Rep. Brad Sherman (D-CA-32) is taking a slightly different tack on the A-shares market. The No China in Index Funds Act (H.R. 7758) was introduced in March and takes mainland China stocks, and offshore listings such as Variable Interest Entities, out of the indexes. If it passes, some indexes – like the MSCI China A-Shares – would simply fold. Rep. Victoria Spartz (R-IN-5) is a co-sponsor.

March was a China securities bills heyday for both Sherman and Spartz. They introduced three other bills: the China Military and Human Rights Capital Markets Sanctions Act (H.R. 7759) bans Americans from investing in sanctioned Chinese companies and their subsidiaries. The China Risk Reporting Act (H.R. 7757) would require American companies listed on the NYSE and Nasdaq to include in their annual reports a description of their “China Risk”, defined as the company’s exposure to material financial consequences potentially caused by the Chinese Communist Party. Lastly, the No Capital Gains Allowance for American Adversaries Act (H.R. 7760), would make China investments less attractive by taxing gains as ordinary income rather than the long-term capital gains rates that range from 0% to 20% depending on income and tax filing status.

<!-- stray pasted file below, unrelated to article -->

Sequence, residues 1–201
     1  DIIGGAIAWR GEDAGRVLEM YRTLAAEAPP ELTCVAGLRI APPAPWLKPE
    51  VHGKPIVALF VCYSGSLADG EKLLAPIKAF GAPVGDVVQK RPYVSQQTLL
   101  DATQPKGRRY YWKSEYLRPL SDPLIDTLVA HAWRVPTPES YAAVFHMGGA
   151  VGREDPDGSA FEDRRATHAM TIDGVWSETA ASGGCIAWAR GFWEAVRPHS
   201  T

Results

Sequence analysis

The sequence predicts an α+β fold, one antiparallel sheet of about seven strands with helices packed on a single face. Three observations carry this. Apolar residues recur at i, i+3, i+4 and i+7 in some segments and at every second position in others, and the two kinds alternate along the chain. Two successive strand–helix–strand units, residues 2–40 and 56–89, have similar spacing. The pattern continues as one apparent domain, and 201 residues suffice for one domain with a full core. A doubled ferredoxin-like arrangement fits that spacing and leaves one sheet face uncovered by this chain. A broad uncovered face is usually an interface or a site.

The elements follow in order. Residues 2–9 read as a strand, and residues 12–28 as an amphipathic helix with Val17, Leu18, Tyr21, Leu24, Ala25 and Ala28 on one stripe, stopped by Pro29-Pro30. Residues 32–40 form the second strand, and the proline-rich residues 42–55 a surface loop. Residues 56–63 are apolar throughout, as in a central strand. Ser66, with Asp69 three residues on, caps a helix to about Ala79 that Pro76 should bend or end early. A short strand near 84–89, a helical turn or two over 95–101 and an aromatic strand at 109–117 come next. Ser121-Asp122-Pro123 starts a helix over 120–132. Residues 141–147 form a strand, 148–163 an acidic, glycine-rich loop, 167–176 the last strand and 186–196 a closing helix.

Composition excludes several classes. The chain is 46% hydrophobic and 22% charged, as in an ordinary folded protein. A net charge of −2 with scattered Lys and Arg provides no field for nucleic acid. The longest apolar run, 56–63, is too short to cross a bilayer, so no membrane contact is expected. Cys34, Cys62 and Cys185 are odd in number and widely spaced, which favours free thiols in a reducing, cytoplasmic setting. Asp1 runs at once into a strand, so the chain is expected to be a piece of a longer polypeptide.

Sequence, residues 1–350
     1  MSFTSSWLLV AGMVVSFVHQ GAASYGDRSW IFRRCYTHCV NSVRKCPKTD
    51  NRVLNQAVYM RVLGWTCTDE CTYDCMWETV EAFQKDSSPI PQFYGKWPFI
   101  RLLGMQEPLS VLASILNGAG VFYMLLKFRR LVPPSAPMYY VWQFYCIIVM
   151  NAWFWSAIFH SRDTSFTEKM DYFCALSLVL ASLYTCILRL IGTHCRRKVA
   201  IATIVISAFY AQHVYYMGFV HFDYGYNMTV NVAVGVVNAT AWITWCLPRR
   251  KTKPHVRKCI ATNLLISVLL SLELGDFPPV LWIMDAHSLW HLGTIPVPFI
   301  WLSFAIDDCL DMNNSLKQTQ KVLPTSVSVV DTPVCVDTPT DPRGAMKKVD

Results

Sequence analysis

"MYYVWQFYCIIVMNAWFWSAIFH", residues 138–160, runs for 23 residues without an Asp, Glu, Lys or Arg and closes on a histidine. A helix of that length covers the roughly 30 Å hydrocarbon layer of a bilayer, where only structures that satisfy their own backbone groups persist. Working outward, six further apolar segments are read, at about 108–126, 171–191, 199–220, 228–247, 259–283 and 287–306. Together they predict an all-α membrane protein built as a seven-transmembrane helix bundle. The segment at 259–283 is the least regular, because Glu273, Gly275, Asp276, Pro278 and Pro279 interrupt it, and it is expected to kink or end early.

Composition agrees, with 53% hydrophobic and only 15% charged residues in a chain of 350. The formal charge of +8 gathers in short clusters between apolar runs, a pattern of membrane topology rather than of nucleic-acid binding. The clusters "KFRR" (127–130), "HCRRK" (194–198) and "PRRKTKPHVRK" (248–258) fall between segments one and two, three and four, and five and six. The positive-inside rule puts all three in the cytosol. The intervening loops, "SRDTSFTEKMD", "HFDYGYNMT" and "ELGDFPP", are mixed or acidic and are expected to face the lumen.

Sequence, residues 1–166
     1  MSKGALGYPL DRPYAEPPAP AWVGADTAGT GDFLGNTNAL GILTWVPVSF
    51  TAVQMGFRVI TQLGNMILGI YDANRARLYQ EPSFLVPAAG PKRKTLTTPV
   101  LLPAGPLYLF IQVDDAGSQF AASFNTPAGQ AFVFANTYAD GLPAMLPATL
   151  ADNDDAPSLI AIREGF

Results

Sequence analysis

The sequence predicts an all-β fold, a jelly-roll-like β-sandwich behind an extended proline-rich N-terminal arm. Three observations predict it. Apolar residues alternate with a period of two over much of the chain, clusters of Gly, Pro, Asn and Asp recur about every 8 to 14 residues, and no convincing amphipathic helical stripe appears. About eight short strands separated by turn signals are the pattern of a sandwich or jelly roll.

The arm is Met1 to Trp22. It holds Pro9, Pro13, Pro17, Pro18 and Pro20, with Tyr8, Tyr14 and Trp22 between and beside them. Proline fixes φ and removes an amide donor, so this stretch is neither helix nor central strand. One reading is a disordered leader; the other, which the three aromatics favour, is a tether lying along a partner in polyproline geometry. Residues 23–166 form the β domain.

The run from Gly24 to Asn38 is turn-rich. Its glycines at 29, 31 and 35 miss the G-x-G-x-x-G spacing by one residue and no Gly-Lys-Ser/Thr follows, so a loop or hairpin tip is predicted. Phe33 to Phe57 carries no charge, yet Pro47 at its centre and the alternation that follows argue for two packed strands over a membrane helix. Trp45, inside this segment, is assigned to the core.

In making the case for their bills, Representatives Spartz and Sherman used CPA’s case study report to Congress, published in October, which showed how Vanguard and the FTSE Index are helping to funnel billions of dollars of U.S. investor capital to China. For instance, a well-known mutual fund company for retired military, USAA, has investments in companies on the Uyghur Forced Labor list.

This year’s latest China capital markets legislation follows a string of bills last year with similar goals. Many of them were initiated by Sen. Rick Scott (R-FL) – he introduced five bills himself in March and in November co-sponsored with Sen. Bob Casey (D-PA) the Disclosing Investments in Foreign Adversaries Act (S. 3286). This bill has been included in the Countering Communist China Act. The Scott-Casey bill would require private advisors to private equity funds to report to the SEC the total private fund assets the advisor recommends that are invested in China.

It is unclear when, or if, any of these bills will be moved out of committee. The most likely initial moves will be capital market restrictions against owning the securities of Chinese companies on Entity Lists or facing sanctions of another kind by the Treasury Department.

The U.S. invests more in China stocks than China invests in American stocks, but that is mostly due to capital controls in Beijing. They do not allow for outbound investment the way we do. The new legislation is designed to greatly reduce those one-sided flows of U.S. capital that are effectively funding our principal adversary.  

On Friday, CPA CEO Michael Stumo told Fox Business, “China is an adversary to the U.S. We can and should strategically decouple from it and increasingly stop funding it,” Stumo told FOX Business.